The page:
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Rolm Corp 1601 RuggedNova 1970

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  Rolm Corp 1601 RuggedNova 1970 by Bill Degnan - 11/02/2018 06:11
Back cover of the Rolm Corporation Model 1601 RuggedNova model minicomputer. Click image for larger view.


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Received this from Classic CMP

"...One of the more interesting problems we faced at ROLM MSC (as opposed to
the telecom side) was the fact that all hardware was designed to be
tri-service. Salt spray and fungal resistance required that the cases
be sealed with thermal frames to conduct heat to external heat
exchangers, but that created interesting issues when sticking the box on
an aircraft (but was a lifesaver with disk drives, as otherwise flying
heads had a tendency to crash with altitude). The chassis ended up
being quite heavy due to the hammer and drop tests (as others have
noted, intended to simulate the shock of depth charges), as well as the
shaker table tests (driven by a pair of Really Freaking Big McIntosh
audio amps).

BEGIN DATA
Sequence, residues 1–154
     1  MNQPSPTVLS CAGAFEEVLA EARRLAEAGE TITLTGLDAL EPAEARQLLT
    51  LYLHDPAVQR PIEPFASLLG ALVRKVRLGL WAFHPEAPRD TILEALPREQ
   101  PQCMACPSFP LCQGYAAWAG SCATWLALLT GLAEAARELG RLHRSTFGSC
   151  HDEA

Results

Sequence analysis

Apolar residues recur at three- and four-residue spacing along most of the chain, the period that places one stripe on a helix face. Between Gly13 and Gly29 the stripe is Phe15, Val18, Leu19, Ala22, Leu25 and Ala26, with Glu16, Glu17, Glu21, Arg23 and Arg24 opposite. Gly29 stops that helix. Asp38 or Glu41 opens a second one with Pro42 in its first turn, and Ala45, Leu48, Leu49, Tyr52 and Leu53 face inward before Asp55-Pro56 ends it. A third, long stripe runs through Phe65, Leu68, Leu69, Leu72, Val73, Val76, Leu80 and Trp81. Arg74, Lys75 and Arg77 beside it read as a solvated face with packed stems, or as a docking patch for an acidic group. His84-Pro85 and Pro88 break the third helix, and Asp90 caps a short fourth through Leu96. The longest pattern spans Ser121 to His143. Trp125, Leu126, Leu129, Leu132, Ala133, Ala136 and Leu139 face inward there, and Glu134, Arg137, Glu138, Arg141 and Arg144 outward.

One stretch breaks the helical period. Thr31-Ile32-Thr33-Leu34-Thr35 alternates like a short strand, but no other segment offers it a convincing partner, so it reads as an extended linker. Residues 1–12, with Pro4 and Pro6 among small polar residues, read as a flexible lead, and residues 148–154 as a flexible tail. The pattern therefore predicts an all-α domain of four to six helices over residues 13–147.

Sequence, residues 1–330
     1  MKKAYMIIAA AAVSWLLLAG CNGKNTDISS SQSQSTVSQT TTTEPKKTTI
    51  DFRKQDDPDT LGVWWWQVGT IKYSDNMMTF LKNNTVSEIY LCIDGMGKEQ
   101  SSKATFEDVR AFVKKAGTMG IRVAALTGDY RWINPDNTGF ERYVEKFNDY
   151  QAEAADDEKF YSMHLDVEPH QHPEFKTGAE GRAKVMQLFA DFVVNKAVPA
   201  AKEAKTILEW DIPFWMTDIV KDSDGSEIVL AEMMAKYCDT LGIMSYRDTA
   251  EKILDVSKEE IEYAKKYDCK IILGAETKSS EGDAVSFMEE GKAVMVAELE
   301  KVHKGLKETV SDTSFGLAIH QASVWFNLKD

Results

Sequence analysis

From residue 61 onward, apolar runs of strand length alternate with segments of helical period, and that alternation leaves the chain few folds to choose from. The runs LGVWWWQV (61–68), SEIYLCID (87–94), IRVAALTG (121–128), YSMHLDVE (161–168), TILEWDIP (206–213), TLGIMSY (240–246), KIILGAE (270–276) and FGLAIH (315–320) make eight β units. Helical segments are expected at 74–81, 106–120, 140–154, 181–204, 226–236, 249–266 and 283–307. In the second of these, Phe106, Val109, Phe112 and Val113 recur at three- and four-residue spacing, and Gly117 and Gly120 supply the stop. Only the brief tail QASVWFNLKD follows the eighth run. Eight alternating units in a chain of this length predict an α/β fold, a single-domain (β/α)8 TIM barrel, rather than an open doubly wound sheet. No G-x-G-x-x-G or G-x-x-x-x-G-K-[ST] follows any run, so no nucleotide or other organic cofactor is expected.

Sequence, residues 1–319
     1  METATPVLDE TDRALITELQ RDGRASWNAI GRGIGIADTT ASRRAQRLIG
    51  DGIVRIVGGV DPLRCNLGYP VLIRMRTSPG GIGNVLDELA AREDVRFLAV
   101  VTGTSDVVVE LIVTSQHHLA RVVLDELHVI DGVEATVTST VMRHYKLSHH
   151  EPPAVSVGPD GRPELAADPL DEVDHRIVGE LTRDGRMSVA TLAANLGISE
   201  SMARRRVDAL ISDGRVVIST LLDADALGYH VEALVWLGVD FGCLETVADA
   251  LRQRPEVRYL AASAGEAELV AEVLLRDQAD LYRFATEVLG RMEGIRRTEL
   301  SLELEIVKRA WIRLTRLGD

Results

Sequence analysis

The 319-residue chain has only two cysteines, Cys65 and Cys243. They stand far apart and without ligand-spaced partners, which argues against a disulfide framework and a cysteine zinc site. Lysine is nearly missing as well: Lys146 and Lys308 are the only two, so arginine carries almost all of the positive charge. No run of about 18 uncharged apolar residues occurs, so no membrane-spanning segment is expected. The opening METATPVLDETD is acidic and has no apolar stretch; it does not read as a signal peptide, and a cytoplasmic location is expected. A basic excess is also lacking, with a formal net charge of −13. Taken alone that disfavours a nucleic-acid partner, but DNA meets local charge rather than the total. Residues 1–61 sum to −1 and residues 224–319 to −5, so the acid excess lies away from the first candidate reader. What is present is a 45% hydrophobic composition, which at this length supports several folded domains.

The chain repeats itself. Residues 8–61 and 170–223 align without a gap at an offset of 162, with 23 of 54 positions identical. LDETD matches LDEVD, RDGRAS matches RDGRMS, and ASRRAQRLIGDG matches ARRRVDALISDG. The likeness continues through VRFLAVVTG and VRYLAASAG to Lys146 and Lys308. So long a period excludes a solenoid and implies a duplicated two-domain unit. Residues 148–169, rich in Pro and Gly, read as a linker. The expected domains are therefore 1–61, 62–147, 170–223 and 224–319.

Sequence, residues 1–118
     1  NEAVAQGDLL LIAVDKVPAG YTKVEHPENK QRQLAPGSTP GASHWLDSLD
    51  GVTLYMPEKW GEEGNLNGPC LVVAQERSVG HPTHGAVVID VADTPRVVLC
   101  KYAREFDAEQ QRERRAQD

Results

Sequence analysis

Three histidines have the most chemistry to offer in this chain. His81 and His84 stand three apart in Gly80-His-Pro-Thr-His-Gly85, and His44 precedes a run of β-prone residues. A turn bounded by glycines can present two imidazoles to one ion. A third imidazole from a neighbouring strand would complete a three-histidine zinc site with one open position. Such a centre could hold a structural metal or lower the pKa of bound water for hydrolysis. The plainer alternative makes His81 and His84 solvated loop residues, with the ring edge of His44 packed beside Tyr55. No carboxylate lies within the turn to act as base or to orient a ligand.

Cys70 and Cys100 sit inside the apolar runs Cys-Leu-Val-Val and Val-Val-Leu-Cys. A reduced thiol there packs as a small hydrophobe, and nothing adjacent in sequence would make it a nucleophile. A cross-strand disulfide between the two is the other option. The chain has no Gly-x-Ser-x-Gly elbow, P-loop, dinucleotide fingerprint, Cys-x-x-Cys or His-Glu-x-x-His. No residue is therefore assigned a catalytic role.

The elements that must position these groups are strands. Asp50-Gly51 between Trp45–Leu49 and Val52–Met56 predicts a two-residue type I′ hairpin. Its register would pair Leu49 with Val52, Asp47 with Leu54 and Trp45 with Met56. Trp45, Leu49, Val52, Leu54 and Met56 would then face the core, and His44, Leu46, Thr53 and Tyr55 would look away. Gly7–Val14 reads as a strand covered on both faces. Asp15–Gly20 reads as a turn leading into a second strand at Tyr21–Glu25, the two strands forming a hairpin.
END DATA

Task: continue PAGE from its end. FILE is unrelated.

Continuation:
The result of all of this was that the machines tended to be much
heavier and thermally complex than they the might have needed to be for
the Air Force, but the desire for commonality in some weapons systems
(GLCM/SLCM comes to mind) across services made the choice a good one.

As for the 1601 (aka AN/UYK-12(V)), it very much did exist and was
exhibited in 1969 at the Fall Joint Computer Conference, one year after
the Nova took its bow, running the same demo software. It was deployed
as part of the AN/ALR-46 Radar warning system, which was found on the
B-52, F-4 and F-111

Note that even the 1601 was a ROLM-specific design that implemented the
DG instruction set under license. ROLM deviated from this somewhat with
the 1602 and 1666, bolting in their own extensions to the ISA. The
one-half-ATR chassis MSC-14 is actually a punch, where the S/140 prints
and microcode were used more or less verbatim (although some tweaks were
ultimately needed due to timing issues arising from the different card
form factors); the Hawk was very much a ROLM-specific design and caused
us software types some fits, because the the microcode guys frequently
missed the "reserved, must be zero" and "reserved, may be zero" notes in
Wallach's Eagle Architecture doc (at one point they proposed a
loop-in-microcode approach to implementing the purge ATU instruction
because it only showed up twice in the AOS/VS code base, until it was
pointed out that the damn thing was executed on every context switch...)


--
Christian Kennedy, Ph.D. ..."

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